Dismiss Notice
Join Physics Forums Today!
The friendliest, high quality science and math community on the planet! Everyone who loves science is here!

Matter/Antimatter Collision Radius

  1. Dec 31, 2009 #1
    I am curious, if a matter particle and it's corresponding antimatter particle meet, they will annihilate to produce pure energy. Which is the minimal distance between the particles that would allow the reaction to occur and how is that determined? (I ask this because I know that the nice idea of thinking of particles as spheres with boundaries is false, so then what is the definition of "collide" if you know what I mean?)

    Asked another way; If there are no true boundaries to a particle (and if I am mistaken, let me know) how can two "collide"? (not so much in an electromagnetic repulsion, but more specifically regarding matter/antimatter collisions)
  2. jcsd
  3. Dec 31, 2009 #2
    For fast positrons annihilating with electrons at rest, the annihilation-in-flight probability plot is shown on page 274 and 385 of Heitler "Quantum Theory of Radiation" 3rd edition. The cross section is maximum near 0.5 MeV. The cross section, derived in section 27 (page 268), is originally attributed to P.A. M. Dirac (1930). According to Heitler, "... in most cases, a fast positron will first lose all its energy and is then annihiliated [at rest]".
    For antiprotons annihilating on protons, see the plots for p-bar p and pp total cross sections in Fig. 40.11 in
    The total cross sections for p-bar p (anti-proton annihilation) and pp are nearly equal above 10 GeV, and between 40 and 100 millibarns (slightly above geometric; ~pi R2). Below 10 GeV, the p-bar p cross section rises above 300 millibarns.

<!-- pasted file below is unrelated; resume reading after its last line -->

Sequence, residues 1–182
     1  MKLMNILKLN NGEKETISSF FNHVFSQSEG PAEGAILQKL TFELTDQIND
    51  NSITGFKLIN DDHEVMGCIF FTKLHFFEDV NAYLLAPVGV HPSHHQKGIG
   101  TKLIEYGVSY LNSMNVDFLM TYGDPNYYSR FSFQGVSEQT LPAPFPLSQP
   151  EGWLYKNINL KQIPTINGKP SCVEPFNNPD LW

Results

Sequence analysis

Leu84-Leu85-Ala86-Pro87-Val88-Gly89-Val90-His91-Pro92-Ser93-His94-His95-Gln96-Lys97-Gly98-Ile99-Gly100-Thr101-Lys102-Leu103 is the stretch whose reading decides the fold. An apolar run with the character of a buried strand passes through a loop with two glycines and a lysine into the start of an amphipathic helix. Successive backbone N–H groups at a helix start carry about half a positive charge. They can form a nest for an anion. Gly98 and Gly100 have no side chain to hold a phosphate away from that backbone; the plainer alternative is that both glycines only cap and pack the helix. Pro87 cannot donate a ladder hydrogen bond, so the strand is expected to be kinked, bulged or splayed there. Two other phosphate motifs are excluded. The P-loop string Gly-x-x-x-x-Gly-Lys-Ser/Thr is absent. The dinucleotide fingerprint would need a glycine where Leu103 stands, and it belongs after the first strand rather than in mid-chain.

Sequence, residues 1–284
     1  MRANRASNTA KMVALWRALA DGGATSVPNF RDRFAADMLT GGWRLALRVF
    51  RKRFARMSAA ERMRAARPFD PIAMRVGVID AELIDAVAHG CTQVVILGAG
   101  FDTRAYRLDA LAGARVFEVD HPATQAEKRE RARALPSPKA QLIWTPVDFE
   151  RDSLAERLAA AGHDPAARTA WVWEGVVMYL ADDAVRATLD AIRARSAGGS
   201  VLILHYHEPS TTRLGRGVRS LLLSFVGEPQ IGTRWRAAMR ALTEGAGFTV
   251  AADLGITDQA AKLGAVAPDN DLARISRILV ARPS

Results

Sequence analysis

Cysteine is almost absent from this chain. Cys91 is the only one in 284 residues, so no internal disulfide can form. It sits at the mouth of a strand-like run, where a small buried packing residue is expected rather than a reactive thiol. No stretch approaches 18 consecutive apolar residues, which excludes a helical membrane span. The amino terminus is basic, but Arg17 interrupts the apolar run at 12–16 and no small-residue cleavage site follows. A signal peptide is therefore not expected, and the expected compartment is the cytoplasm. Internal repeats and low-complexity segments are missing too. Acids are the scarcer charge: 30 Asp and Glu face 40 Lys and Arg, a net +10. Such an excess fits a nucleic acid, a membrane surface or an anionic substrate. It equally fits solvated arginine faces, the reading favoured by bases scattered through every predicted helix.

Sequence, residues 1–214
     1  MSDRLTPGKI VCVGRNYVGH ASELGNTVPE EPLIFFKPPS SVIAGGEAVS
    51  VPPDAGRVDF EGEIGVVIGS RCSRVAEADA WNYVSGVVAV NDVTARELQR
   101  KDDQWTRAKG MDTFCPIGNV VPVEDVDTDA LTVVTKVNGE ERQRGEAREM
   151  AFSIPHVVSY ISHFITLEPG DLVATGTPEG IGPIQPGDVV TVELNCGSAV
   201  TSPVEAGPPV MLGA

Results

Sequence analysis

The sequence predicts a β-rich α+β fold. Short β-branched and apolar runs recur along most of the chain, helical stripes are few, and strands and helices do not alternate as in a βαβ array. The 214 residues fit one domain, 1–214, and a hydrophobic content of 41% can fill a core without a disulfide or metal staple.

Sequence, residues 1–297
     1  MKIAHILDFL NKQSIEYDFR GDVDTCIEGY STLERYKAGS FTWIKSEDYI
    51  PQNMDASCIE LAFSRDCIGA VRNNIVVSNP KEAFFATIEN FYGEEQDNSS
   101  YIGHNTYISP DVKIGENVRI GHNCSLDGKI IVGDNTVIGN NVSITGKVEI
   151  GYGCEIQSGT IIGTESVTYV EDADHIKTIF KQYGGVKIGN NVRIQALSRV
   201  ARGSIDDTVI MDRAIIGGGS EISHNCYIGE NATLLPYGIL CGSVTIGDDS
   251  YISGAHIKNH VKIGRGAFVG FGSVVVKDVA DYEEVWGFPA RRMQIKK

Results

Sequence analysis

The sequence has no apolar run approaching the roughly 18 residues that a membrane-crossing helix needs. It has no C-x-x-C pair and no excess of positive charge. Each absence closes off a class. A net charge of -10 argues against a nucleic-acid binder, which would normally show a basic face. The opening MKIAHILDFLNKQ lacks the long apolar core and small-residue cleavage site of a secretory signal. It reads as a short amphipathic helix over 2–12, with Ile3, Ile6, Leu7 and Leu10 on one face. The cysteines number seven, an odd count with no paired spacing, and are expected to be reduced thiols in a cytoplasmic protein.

Bob S
  4. Dec 31, 2009 #3


    User Avatar
    Staff Emeritus
    Science Advisor
    Gold Member

    Bob S, I don't think the OP was asking about cross sections. I think the simple answer to his question is zero. The Feynman diagram for this process has the world-lines of the particle and antiparticle intersecting at a point. The reason you get a finite cross-section, even though the range of the effect is zero, is the Heisenberg uncertainty principle; each particle is a wave-packet that covers a certain amount of space.
  5. Dec 31, 2009 #4
    Why is the p-bar p interaction probability larger than the pp interaction probability at GeV energies, if the finite cross section is due only to the Heisenberg uncertainty principle?
    Bob S
  6. Dec 31, 2009 #5
    I am a little confused, if each particle is a wave-packet that covers a certain amount of space, how can the minimum distance of a particle/antiparticle collision be zero? Also, if this distance were zero, how could these reactions ever occur? If they have to be at no distance with each other wouldn't such a reaction have zero probability of occurring?
  7. Dec 31, 2009 #6


    User Avatar
    Homework Helper

    Here's a rough way of thinking about it: when you think about particles as wavepackets, they don't really "collide." Rather, there is some probability that the two particles will disappear and be replaced with one or more new particles. This probability is related to the "overlap" (a term that I am intentionally using vaguely) of the two wavepackets. When the wavepackets are closer together, the probability of an interaction becomes larger.
  8. Dec 31, 2009 #7
    Ooh i see, that is cool. Also i realized I meant to ask what is the MAXimum distance between them, but after your explanation I guess it would be infinity, except the probability would be very low. (Am I right?)

  9. Dec 31, 2009 #8


    User Avatar
    Staff Emeritus
    Science Advisor
    Gold Member

    I didn't say that the H.u.p. was the only factor in determining the cross section.
Know someone interested in this topic? Share this thread via Reddit, Google+, Twitter, or Facebook

Similar Discussions: Matter/Antimatter Collision Radius
  1. Matter-Antimatter Mass (Replies: 7)

  2. Antimatter vs Matter (Replies: 3)